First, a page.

Improving the Interfaces of Care with Medication Reconciliation

Pharmacy Times, Volume 0,0

Are you ready to "accurately andcompletely reconcile medicationsacross the continuum of care?"This isone of the 2005 Hospitals' NationalPatient Safety Goals instituted by theJoint Commission on Accreditation ofHealthcare Organizations (JCAHO).Hospitals that wish to continue theiraccreditation by JCAHO must developthis year, for implementation by January2006, a "process for obtaining anddocumenting a complete list of the currentmedications upon the patient'sadmission to the organization and withthe involvement of the patient. Thisprocess includes a comparison of themedications the organization providesto those on the list."The process alsomust include communicating a completelist of medication "to the nextprovider of service when it refers ortransfers a patient to another setting,service, practitioner, or level of carewithin or outside the organization."

This requirement for medicationreconciliation is based on evidencethat over half of all medication errorsoccur at the interface of care. Becausemedication errors are among the leadingcauses of hospital patient injuries,medication reconciliation is beingrequired by JCAHO to help reduce theincidence of medication errors.

You say, however, "Why are youasking me if I am ready, when I do notpractice in a hospital? That is the hospitalpharmacist's responsibility, notmine." If the hospital pharmacist callsyou for a complete list of all medications,prescription and OTC, as well asany herbals you sold to a specificpatient, will you be able to help? Whena patient is discharged from the hospital,and the hospital pharmacy sendsyou a complete list of medications thepatient is currently prescribed, will youknow what to do with it?

In talking to a few hospital pharmacists,I hear that they are just going toleave the patient's community pharmacistout of the loop because you donot care about getting this informationand will not do anything with it if theysend it. I think, however, that as a communitypharmacist, you have a role toplay in the medication reconciliationprocess. Hopefully by now, you havehad some discussion locally about howit will occur in your community, andyou know what information you areexpected to supply, what informationyou will receive, and what you will dowith it. If not, maybe you ought to callthe local hospital pharmacy and talkwith the pharmacists about how theyplan to do medication reconciliation.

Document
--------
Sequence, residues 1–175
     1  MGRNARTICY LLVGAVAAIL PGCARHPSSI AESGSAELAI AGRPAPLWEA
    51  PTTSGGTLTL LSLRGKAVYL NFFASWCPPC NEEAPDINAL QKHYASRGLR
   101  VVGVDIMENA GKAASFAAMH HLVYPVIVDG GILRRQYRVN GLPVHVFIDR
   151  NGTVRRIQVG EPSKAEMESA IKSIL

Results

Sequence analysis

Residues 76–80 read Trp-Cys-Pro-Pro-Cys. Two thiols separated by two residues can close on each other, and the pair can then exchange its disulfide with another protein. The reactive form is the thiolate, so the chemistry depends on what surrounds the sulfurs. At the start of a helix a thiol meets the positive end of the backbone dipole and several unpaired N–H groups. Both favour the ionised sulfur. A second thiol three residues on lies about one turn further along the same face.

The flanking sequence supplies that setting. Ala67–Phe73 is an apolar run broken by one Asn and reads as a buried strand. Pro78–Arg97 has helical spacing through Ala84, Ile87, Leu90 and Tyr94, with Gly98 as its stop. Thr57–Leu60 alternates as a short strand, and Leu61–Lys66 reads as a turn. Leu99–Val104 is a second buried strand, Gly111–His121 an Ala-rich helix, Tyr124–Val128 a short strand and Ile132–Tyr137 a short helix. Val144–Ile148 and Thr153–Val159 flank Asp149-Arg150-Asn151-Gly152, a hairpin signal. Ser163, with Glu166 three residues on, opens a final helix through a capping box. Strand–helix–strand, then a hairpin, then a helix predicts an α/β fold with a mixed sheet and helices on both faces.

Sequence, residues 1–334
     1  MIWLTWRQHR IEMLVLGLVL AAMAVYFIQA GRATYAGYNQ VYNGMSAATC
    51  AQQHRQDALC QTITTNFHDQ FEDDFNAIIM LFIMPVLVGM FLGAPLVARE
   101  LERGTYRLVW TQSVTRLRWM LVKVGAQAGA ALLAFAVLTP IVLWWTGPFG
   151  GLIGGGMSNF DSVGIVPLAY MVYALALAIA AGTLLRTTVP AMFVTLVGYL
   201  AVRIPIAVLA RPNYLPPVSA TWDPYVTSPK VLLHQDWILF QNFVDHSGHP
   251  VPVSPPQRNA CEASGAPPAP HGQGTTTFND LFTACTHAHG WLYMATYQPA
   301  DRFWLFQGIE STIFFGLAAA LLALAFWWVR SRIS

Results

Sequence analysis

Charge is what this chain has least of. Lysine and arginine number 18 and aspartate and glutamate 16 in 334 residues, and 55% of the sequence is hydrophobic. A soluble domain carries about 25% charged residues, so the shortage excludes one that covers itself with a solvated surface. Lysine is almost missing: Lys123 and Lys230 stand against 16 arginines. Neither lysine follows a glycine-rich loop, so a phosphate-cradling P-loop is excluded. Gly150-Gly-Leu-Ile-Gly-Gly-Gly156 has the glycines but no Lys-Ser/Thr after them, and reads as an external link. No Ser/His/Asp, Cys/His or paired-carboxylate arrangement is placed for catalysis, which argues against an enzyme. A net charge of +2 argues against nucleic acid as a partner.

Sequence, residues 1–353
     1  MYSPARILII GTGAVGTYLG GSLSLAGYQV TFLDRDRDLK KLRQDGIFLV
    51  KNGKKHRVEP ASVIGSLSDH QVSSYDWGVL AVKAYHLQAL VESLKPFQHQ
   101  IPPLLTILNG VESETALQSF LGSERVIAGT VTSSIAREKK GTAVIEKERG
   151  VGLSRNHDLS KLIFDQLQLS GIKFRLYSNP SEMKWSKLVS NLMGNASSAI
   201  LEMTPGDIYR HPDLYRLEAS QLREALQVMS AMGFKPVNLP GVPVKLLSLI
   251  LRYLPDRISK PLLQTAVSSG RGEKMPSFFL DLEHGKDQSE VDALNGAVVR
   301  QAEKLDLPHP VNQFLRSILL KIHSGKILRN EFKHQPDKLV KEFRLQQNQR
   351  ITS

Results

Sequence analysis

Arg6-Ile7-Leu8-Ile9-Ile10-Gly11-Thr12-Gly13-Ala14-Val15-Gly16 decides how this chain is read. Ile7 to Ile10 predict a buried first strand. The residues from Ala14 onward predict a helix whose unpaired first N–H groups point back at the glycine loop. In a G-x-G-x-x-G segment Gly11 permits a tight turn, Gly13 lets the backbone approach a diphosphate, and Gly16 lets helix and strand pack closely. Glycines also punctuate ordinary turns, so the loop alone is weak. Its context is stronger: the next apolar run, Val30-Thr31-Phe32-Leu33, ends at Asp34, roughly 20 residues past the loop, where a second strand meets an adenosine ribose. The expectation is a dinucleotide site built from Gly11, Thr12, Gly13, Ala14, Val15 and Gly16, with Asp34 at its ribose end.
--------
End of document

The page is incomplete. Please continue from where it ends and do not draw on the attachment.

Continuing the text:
Some organizations are setting up asystem in which patients are beingasked to keep their own medicationform in their wallet and update it everytime they get a new prescription or trya new OTC or herbal product. Whenthey stop taking a medication, theyshould draw a line through it on theirmedication profile. Patients might askyou to help them, but, with most ofthe forms I have seen, patients are nottold to show their medication profileto their pharmacists.

It seems as if we still have a job todo to demonstrate to other health professionals,and maybe our colleagues inother practice settings, that communitypharmacists have an important roleto play in ensuring medication safetyfor patients.

Mr. Eckel is professor and director of theOffice of Practice Development and Educationat the School of Pharmacy, University ofNorth Carolina at Chapel Hill.